My personal position is that if you've got the moral high ground then you should stay cool, calm and collected and just point out the flaws in your opponents position. So, at least in that instance, he's not the best ambassador for objectivism. However, you haven't pointed out where he fails to be reasonable?

His entire affect is unreasonable, and his emotional reactivity leads him to consider that the ideas that are occurring to him while in a highly reactive state of mind are absolute.

The suggestion that the solution to terrorism is to give our military free reign to execute a campaign of nuclear carpet bombing of the perceived source of the actions is just an extreme expression of the shared reactivity that led us into the debacle in Iraq.

Peikoff is basically correct in his position that the source of terrorism's fuel are the theocratic regimes. The United States has compromised its values over the centuries, though. Saudi Arabia is among the worst of the Middle Eastern theocracies, yet we continue to pump hundreds of billions of dollars into their economy, while they continue to create a social climate that provides a steady stream of terrorists into global society while they work tirelessly to export their interpretation of Islam worldwide. Yet, we regard the regime as an 'ally' and our First Family considers them personal friends.

Iran and many other regimes and movements in the Middle East are extremely dangerous as well, but we cannot solve the problem if we're unwilling to condemn totalitarianism in all of it's forms, which unfortunately includes trading partners we've allowed ourselves to become hopelessly reliant upon.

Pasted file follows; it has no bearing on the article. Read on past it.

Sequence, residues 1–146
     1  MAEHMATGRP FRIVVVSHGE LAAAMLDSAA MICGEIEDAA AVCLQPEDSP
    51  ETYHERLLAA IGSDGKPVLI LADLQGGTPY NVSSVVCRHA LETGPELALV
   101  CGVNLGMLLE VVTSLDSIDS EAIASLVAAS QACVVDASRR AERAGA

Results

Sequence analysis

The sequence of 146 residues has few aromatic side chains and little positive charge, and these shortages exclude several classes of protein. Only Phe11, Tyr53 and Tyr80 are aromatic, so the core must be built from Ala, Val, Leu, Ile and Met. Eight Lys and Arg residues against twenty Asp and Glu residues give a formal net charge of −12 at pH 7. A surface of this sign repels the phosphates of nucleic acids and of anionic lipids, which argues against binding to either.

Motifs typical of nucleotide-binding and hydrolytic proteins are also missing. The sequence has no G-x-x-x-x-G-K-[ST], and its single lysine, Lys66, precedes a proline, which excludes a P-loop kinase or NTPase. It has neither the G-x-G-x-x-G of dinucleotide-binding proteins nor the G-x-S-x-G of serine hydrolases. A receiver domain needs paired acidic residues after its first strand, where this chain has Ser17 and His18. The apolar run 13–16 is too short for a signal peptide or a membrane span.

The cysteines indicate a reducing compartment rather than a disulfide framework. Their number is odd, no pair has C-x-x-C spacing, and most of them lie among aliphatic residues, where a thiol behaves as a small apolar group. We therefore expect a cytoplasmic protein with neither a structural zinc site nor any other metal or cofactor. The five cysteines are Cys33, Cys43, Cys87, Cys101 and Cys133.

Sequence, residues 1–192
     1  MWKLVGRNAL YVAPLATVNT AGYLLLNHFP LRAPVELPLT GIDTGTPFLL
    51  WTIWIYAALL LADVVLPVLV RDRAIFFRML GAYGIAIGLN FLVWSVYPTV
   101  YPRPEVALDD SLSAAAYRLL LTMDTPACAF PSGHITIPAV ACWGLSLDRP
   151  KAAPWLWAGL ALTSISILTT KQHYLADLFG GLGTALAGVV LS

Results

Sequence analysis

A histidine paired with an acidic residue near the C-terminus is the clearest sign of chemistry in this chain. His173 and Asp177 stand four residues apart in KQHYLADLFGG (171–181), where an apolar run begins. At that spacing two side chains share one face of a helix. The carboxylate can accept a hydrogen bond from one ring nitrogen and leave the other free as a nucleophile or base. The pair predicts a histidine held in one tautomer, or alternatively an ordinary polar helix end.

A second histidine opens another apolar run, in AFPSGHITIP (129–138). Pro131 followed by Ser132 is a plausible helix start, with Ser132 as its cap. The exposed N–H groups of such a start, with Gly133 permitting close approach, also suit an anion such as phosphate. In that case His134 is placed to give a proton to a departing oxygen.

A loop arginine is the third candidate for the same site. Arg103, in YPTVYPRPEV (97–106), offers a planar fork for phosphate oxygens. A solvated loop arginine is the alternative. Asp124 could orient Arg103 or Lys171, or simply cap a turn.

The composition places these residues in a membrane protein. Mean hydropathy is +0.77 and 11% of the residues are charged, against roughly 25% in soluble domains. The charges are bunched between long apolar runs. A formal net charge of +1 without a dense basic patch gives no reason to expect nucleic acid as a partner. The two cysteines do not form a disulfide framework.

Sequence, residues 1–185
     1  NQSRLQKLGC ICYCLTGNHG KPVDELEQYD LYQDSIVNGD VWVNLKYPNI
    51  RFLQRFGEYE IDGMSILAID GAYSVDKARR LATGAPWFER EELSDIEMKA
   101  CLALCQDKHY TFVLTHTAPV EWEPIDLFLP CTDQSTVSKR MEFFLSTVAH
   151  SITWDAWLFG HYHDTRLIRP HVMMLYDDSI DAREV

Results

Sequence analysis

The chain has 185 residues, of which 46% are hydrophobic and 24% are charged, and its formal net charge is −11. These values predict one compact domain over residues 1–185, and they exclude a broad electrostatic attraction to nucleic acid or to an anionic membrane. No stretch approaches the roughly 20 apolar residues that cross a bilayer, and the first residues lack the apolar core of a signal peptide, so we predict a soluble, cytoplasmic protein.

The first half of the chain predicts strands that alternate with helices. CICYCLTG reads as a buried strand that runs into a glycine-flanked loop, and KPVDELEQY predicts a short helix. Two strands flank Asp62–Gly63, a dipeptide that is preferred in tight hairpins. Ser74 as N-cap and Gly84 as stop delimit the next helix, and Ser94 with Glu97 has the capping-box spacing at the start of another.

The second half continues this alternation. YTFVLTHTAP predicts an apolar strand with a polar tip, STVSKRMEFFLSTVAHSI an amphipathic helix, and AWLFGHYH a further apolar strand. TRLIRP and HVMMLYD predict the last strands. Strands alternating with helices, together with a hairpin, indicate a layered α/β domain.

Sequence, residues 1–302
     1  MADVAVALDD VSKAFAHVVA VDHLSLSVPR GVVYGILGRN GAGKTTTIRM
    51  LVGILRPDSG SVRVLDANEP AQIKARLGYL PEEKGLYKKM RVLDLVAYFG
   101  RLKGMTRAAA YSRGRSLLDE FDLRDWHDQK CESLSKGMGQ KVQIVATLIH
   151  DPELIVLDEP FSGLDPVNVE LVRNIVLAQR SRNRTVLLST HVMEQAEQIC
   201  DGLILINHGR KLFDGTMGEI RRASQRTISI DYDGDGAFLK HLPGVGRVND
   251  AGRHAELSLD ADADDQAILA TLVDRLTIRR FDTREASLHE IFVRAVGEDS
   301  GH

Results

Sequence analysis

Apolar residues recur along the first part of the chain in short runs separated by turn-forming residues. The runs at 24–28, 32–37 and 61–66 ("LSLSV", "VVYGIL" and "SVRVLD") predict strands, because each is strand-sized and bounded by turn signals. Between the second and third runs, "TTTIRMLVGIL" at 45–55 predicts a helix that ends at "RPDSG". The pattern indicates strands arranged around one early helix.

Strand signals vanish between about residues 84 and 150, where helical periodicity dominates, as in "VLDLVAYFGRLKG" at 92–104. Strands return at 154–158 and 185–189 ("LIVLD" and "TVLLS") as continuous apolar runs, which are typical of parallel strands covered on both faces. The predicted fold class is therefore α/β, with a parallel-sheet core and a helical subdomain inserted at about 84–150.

In any case, the point that I'm trying to make is that Peikoff, like Rand before him, is unable to make that argument in a calm, reasonable tone because he is every bit as reactive to his own ideas as the terrorists are to their own. So he concludes that the answer to terrorism is global terrorism, which is correctly identified as insane by healthier people, though most of them are just slightly less insane themselves.

As I said above, the United States ended up acting from collective reactivity anyway, which is the actual source of the mess we continue to find ourselves in. Rand was entirely correct in recognizing that the man's inhumanity to man was based on corrupt thinking. What she didn't grasp was that her own thinking was also subject to corruption. She assumed that what was needed was a new 'system of thought', when what is actually needed is a return to the ancient understanding of what thought actually is, and the associated clearheadedness and genuine reason that accompanies the personal understanding of the answer to that question.

Daniel Barnes said...

MS:
>The point is the onus is not on us to protect these people [innocents] if it is unreasonably out of our control...

Who doesn't agree with that? But that's not at all what Peikoff is saying. He says: "I am absolutely not concerned with 'innocents'". Big difference.

gregnyquist said...

Anon: "Had we not treated Hitler and Germany in the way we did, we'd be living in a far different world. If we don't wise up about Iran, we will someday be forced to negotiate with only one pre-condition."